The localization, distribution and orientation of O2 chemoreceptors associated with the control of cardio-respiratory responses were investigated in the neotropical, Hoplias lacerdae. Selective denervation of the cranial nerves (IX and X) was combined with chemical stimulation (NaCN) to characterize the gill O2 chemoreceptors, and the fish were then exposed to gradual hypoxia to examine the extent of each cardio-respiratory response. Changes in heart rate (fH) and ventilation amplitude (Vamp) were allied with chemoreceptors distributed on both internal and external surfaces of all gill arches, while ventilation rate (fR) was allied to the O2 chemoreceptors located only in the internal surface of the first gill arch. H. lacerdae exposed to gradual hypoxia produced a marked bradycardia (45%) and 50% increase in Vamp, but only a relatively small change in fR (32%). Thus, the low fR response yet high Vamp were in accord with the characterization of the O2 chemoreceptors. Comparing these results from H. lacerdae with hypoxia-tolerant species revealed a relationship existent between general oxygenation of the individual species environment, its cardio-respiratory response to hypoxia and the characterization of O2 chemoreceptors.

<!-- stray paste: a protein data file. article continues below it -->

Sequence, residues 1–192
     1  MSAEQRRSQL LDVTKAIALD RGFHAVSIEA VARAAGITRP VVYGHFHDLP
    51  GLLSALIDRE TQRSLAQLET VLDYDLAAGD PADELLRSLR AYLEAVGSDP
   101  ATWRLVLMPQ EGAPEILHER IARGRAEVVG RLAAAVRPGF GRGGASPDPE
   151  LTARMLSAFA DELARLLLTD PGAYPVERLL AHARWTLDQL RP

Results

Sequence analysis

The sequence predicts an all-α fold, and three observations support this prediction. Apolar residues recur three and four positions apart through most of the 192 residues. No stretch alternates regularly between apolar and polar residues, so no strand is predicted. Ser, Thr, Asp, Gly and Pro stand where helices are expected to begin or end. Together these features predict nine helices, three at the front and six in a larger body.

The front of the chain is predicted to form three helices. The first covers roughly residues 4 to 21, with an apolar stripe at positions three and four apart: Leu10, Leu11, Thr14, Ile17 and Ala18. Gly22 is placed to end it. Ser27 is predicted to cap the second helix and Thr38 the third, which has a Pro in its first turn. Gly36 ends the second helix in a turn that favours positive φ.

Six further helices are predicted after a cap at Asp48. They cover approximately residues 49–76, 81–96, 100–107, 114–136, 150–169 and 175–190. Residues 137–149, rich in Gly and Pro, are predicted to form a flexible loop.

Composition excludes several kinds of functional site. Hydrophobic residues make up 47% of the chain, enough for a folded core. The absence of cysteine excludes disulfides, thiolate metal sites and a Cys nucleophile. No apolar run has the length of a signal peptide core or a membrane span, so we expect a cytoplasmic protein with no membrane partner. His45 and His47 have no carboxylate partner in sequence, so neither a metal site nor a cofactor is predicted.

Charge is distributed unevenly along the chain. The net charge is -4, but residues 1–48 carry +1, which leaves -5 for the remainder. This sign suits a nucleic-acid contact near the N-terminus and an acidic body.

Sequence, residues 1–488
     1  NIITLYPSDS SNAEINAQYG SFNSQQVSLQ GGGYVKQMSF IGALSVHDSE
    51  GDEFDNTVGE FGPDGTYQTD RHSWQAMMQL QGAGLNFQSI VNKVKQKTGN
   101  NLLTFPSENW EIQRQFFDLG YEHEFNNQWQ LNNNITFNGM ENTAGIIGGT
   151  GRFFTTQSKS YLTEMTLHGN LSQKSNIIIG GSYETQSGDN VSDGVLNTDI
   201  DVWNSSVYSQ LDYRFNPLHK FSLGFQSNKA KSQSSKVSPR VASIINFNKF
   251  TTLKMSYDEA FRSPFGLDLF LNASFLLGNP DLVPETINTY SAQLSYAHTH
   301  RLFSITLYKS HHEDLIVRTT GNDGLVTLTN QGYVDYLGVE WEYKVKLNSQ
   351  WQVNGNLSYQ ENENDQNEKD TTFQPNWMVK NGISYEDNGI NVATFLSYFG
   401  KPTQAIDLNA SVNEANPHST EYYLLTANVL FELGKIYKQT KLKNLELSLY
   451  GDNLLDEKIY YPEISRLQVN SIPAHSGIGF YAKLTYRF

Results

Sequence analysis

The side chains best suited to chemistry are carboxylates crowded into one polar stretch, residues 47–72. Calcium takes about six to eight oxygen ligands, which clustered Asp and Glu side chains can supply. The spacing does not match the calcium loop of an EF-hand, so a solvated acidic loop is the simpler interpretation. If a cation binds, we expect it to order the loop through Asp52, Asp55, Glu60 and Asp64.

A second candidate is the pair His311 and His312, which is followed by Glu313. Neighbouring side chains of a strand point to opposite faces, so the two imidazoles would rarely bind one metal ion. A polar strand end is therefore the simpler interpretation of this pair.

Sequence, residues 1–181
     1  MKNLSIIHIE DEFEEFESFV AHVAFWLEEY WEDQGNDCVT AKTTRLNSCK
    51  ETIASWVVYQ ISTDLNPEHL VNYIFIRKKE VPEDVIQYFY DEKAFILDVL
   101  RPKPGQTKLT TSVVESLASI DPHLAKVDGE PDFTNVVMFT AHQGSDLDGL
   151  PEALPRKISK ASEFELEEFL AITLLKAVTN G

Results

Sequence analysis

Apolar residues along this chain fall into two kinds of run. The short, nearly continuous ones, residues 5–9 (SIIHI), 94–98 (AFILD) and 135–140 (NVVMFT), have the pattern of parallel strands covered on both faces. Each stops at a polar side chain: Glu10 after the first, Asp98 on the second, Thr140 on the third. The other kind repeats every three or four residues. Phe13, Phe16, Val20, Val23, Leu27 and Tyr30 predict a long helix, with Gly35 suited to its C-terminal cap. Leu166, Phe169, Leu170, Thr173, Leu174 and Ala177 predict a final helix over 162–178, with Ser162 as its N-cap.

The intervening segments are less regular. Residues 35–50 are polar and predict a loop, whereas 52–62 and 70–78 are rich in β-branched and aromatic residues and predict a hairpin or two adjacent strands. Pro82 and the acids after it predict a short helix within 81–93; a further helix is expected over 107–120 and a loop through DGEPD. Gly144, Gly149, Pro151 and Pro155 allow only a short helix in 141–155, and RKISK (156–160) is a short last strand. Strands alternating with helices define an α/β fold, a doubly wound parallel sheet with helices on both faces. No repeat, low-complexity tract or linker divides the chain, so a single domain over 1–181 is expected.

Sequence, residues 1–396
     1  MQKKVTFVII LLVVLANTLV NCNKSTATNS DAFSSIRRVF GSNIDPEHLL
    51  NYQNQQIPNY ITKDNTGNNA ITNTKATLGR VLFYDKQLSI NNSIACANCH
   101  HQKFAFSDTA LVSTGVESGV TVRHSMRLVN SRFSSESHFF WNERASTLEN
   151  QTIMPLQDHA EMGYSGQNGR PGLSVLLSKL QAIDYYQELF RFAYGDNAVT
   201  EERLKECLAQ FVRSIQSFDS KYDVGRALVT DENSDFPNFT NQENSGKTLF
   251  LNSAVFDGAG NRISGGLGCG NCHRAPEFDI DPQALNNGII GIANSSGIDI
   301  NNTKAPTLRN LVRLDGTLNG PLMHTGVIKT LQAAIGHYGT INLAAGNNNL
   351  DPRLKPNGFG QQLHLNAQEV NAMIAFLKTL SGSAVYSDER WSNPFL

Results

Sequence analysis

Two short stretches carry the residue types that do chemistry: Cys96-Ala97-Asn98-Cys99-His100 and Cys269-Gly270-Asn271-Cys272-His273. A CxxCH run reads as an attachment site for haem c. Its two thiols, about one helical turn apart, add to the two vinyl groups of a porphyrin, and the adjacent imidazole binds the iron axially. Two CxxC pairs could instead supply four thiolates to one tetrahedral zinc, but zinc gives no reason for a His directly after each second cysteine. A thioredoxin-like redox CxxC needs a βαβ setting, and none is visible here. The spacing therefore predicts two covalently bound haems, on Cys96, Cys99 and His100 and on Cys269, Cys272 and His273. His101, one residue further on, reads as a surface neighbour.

|Number of pages||9|
|Journal||Comparative Biochemistry and Physiology - A Molecular and Integrative Physiology|
|Publication status||Published - 1 Oct 2009|